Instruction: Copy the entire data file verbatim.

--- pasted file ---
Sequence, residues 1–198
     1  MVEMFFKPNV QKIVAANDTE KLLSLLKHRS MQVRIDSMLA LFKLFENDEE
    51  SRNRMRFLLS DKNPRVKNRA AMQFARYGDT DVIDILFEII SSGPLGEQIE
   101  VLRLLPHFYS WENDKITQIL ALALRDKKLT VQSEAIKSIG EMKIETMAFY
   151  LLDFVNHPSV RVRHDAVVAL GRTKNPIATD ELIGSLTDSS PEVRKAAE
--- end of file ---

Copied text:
Sequence, residues 1–198
     1  MVEMFFKPNV QKIVAANDTE KLLSLLKHRS MQVRIDSMLA LFKLFENDEE
    51  SRNRMRFLLS DKNPRVKNRA AMQFARYGDT DVIDILFEII SSGPLGEQIE
   101  VLRLLPHFYS WENDKITQIL ALALRDKKLT VQSEAIKSIG EMKIETMAFY
   151  LLDFVNHPSV RVRHDAVVAL GRTKNPIATD ELIGSLTDSS PEVRKAAE